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Should young children take anti-depressents? Dr. Ramey answers your questions!


My physician prescribed anti-depressant medication for my eleven-year-old. The medicine seems to be helping but I’m worried about getting my child dependent on these drugs. She says she can’t wait to take the medicine to make her feel better. How long do kids usually stay on medication?


Your doctor made a mistake in not referring you to mental health counseling in addition to prescribing medication. Speak with your physician about your concerns, and ask for a referral to a therapist. Medication can be very helpful in treating childhood depression, but a comprehensive treatment plan has as its goal getting kids off medicine. Cognitive-behavioral therapy is very effective with these children, and helps them learn how to identify and control their feelings without taking drugs.


My teenager tells me she has “flashbacks” of bad things that happened to her when she was younger. I’m not a perfect mom and there were lots of problems when my kids were little. However, my life is back on track and the kids are in a real stable situation. I only hear about these “flashbacks” when I get after my daughter about her grades, cleaning her room, or fighting with her sisters. How can I tell if she is making this up?


Regardless of whether these reports are real or fabricated, your daughter needs a psychological evaluation, so speak with your family doctor about getting a referral to a mental health professional.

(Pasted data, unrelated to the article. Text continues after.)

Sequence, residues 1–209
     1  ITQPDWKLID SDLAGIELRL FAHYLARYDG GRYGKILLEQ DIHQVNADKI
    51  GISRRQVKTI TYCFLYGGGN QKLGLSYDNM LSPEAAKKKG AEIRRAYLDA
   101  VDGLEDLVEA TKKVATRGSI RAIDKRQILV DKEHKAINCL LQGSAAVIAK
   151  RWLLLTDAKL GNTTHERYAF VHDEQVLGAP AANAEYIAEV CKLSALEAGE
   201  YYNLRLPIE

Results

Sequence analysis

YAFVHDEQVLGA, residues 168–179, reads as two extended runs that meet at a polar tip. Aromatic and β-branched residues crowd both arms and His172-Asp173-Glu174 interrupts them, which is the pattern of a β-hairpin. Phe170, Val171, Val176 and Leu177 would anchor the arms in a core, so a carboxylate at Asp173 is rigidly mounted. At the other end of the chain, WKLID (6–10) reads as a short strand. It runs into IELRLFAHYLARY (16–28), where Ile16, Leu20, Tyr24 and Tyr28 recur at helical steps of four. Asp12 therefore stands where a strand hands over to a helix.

However, you also need to send a very strong message to your teen that past events are not an excuse for her inappropriate behavior. Make sure your rules are clear, specific, and reasonable. Set up consequences that you can readily implement. Perhaps most importantly, be consistent in your follow-through.

It sounds like you’ve made some great changes in your life. That’s a wonderful example to your kids that yesterday’s memories are a record of where you have been and not a road map for the rest of your life.


Help! I know my child needs to see a psychologist, but I have no idea how to get help for him. I’m also very nervous about bringing my child for therapy.


Speak with your family doctor and ask for a referral. If that doesn’t work, talk with a counselor at your child’s school. Make certain that the therapist has experience and training in working with children your child’s age. Ask to meet alone with the therapist for the first session. Write down specific questions or concerns you have about therapy. Ask the therapist to describe what typically occurs during a session. You’ll get a real good sense after one meeting if this is a good match for you and your child.

Please recognize that counseling is much more than someone talking alone with your child. That typically accomplishes very little. It is essential for you to be actively involved in this process.

Next Week: Who commits sexual crimes against children—-some surprising (and disturbing) research results!


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We have created this blog as a way to communicate key childrens' health and safety issues to parents and other child advocates. It is managed by Dayton Children's department of marketing communications. Comments can be sent to rodneyg@childrensdayton.org.